Can you get sick from eating spoiled mayo?
Yes, eating spoiled mayo can pose several health risks due to the potential presence of harmful pathogens and their toxins (1-3). Here are some possible symptoms that someone may experience after consuming spoiled mayo:
- Gastrointestinal Distress: Consuming spoiled mayo can lead to various gastrointestinal symptoms, such as nausea, vomiting, diarrhea, and abdominal cramps (5).
Pathogens that may cause these symptoms include Salmonella, Staphylococcus aureus and certain strains of E. coli, such as E. coli O157:H7 (1-2).
- Food Poisoning: Consumption of spoiled mayo can result in food poisoning, leading to various symptoms such as ever, muscle aches, nausea, and, in severe cases, meningitis, bloodstream infection,blurred vision, difficulty swallowing, muscle weakness, and paralysis (5).
Food poisoning can be a consequence of contamination with Clostridium botulinum (botulism) or Listeria monocytogenes (listeriosis) (6-7).
- Allergic Reactions: Some people may have specific allergies to ingredients present in mayo, such as eggs or soybean oil. Consuming spoiled mayo can exacerbate these allergies and result in symptoms like hives, itching, swelling, difficulty breathing, or anaphylaxis in severe cases (8).
It is important to note that if you suspect that you have consumed spoiled mayo and are experiencing severe or prolonged symptoms, it is crucial to seek medical attention immediately. Remember that your safety comes first!
How long does mayo take to go bad?
Industrial mayo contains preservatives that help to prolong the shelf life of the product (9). It can last for months when it is stored away from sunlight in a cool and dry place. An unopened jar or pouch of mayo can last up to a year.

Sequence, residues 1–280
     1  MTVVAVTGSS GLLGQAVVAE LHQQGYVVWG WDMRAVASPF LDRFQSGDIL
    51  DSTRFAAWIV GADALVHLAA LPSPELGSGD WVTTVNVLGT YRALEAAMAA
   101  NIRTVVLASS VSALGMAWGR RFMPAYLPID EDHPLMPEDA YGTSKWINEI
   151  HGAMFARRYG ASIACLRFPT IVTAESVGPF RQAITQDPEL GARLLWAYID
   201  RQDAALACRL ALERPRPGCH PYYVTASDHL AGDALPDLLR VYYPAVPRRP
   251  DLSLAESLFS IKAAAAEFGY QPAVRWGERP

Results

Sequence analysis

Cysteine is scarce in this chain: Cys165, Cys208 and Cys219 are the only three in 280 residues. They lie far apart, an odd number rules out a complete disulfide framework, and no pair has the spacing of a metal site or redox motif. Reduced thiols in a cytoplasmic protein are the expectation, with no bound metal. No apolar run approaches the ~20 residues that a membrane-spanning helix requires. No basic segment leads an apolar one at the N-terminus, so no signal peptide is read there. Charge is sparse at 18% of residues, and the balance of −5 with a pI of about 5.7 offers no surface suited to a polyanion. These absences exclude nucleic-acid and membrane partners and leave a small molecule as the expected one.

In terms of the “best by” date, mayo can last 2-3 months past this date when they are unopened.
However, once opened, mayo should be stored in the refrigerator. This will keep the product fresh till its expiry date mentioned on the jar or the container.
Since homemade mayo do not contain any preservatives, they last for only a week in the refrigerator.
How to properly store mayo?
Refrigerating mayo is a good idea to keep the product in its optimal quality. However, you can also store them at the back of a kitchen cabinet in a cool and dry place. Just keep them away from direct sunlight and sources of heat.
Generally, it is recommended to store opened mayo in the refrigerator and unopened in a cool and dry place.
In this brief article we addressed the question, “how to tell if mayo is bad?” as well as the health risks of eating spoiled mayo, how long does mayo take to go bad and how to store mayo.
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9. Kaur D, Wani AA, Singh DP, Sogi DS. Shelf life enhancement of butter, ice-cream, and mayonnaise by addition of lycopene. Int J Food Prop [Internet]. 2011 Nov [cited 2023 May 23];14(6):1217–31. Available from: https://www.studocu.com/my/document/universiti-utara-malaysia/public-speaking-ii/shelf-life-enhancement-of-butter-ice-cream-and-mayonnaise-by-addition-of-lycopene/36955347